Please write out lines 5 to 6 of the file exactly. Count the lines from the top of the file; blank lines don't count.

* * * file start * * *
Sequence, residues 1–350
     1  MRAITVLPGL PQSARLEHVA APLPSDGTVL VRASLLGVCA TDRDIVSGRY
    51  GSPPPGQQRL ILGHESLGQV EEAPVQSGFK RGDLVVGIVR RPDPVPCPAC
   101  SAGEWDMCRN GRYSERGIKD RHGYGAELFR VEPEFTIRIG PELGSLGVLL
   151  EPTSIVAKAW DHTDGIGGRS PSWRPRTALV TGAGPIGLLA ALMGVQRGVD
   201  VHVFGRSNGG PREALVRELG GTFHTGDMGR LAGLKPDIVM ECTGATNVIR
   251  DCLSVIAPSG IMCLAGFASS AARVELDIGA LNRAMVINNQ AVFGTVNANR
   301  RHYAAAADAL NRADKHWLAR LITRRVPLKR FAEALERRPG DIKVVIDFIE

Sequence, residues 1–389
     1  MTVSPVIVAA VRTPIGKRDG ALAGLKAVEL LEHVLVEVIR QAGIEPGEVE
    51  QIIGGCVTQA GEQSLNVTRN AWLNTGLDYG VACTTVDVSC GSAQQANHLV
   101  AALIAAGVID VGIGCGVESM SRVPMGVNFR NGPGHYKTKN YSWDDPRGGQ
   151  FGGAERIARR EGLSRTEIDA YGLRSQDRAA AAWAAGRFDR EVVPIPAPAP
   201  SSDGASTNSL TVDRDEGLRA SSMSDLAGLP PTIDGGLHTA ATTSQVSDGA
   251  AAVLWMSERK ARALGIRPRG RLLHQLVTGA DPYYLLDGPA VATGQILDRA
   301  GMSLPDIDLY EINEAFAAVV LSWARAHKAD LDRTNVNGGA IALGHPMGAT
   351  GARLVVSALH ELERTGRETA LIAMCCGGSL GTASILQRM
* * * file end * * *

   151  EPTSIVAKAW DHTDGIGGRS PSWRPRTALV TGAGPIGLLA ALMGVQRGVD
   201  VHVFGRSNGG PREALVRELG GTFHTGDMGR LAGLKPDIVM ECTGATNVIR